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Open Access Publications from the University of California

Evolution of the Environmental Stress Response in Budding Yeast

  • Author(s): Heineike, Benjamin Murray
  • Advisor(s): El-Samad, Hana J
  • et al.

Great strides have been made in understanding the evolution of gene regulation by focusing on the budding yeast. The budding yeast have similar lifestyles across a wide timespan of evolution and, like their cardinal member the model single-celled eukaryote, are relatively easy to culture in the lab. The phylum also has a long and growing list of members whose genomes have been fully sequenced. One important direction of study that took advantage of the status of budding yeast as a model phylum was the comparative study of gene expression data across species in response to a variety of stresses. A key result from those investigations was that there was a major shift in the set of genes activated under a broad set of stress conditions, termed the Environmental Stress Response, that coincided with an ancient interspecies hybridization, known as the yeast Whole Genome Hybridization (WGH), which doubled the number of chromosomes in an ancestor of S. cerevisiae. Although that result provided the field with a rich dataset and robust framework for identifying evolutionary shifts in gene programs, as well as some specific intriguing examples of shifts of entire programs of similarly regulated genes, The specific nature of the genetic rewirings that gave rose to these changes have yet to be illuminated.

We took advantage of unique tools for analyzing the PKA pathway, namely the ability to monitor pathway activity through nuclear localization of the transcription factor Msn2, as well as our ability to construct a mutant strain in which PKA could be inhibited directly to compare signaling and transcriptional responses in this pathway across two species that straddle the phylogenetic divide of the WGH, S. cerevisiae, and K. lactis.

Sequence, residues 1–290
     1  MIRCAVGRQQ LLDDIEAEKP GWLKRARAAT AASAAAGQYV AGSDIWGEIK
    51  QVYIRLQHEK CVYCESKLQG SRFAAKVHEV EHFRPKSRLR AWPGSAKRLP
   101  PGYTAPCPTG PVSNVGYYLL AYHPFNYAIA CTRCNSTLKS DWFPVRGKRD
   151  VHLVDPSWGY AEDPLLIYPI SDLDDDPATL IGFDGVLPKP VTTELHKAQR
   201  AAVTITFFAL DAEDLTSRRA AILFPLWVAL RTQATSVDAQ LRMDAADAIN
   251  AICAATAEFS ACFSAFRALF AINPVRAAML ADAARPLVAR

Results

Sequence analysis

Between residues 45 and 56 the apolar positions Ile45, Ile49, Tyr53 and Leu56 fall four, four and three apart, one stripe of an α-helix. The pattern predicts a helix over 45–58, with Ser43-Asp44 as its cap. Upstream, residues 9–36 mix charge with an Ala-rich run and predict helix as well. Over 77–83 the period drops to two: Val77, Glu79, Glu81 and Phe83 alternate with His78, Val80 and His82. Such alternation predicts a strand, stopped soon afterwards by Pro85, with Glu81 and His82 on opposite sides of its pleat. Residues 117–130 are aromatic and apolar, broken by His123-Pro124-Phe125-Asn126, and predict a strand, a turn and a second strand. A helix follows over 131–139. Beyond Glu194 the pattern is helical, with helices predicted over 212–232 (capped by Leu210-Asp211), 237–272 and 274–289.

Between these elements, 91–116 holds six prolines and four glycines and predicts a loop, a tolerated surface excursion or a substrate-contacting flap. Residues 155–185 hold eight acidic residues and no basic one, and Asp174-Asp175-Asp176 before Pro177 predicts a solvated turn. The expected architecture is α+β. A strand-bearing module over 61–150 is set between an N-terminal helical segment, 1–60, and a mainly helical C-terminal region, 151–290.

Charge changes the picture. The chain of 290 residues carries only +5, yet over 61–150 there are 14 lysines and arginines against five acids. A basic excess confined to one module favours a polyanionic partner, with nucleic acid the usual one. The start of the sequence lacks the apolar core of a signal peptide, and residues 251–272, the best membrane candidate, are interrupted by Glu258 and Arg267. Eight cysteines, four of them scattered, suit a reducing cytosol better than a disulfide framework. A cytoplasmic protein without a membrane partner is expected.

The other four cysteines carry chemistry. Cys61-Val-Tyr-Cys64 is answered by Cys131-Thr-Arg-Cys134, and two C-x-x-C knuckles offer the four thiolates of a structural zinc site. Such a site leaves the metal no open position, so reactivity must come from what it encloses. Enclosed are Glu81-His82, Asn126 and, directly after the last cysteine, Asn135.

In Chapter 2, by tracking nuclear localization of the stress responsive transcription factor Msn2 (or SC.Msn2) and its ortholog in K. lactis (KL.Msn2). We observed that, while S. cerevisiae senses a switch from glucose to sorbitol as a stress, K. lactis does not. We also saw that Nuclear localization of KL.Msn2 in S. cerevisiae was responsive to osmotic shock, but it was not responsive to PKA inhibition. Furthermore, replacing the nuclear localization sequence of KL.Msn2 with that of S. cerevisiae, resulted in responsiveness to PKA inhibition. By creating a K. lactis strain in which PKA could be directly inhibited we were able to see that PKA inhibition does cause KL.Msn2 nuclear localization in its native environment in a K. lactis cell. These results showed that nuclear localization of Msn2 in response to PKA inhibition is preserved in S. cerevisiae and K. lactis, but that the conditions that cause PKA inhibition between species are not preserved, and the specific link between PKA inhibition and Msn2 nuclear localization is altered between species.

In Chapter 3, by comparing the transcriptional profiles of S. cerevisiae strains in which PKA was inhibited, we identified substantial set of paralogs from the yeast WGH, termed ohnologs that were differentially expressed under PKA inhibition. We determined using similar data collected in K. lactis and with data from stress-based gene expression studies in multiple budding yeast species that a high-basal level with no regulation by PKA is likely to be the ancestral phenotype for most of these differentially expressed ohnologs. We then studied the emergence of their responsiveness to PKA inhibition by analyzing patterns of the appearance of Msn2/4 binding sites in the promoter sequences of a range of recently sequenced budding yeast species. These analyses revealed that regulation by PKA arose in some ohnolog pairs in one of the two parental lineages prior to the WGH, leading to differential expression afterwards. In other examples, regulation by PKA and differential expression appears to have arisen following the WGH. This result provides a clear illustration of the unique opportunities presented by a WGH event for generating functional divergence by bringing together two parental lineages with separately evolved regulation into one species. Importantly, it poses the idea that functional divergence of two paralogs can be facilitated through such regulatory divergence, which can persist even when functional differences are erased by gene conversion

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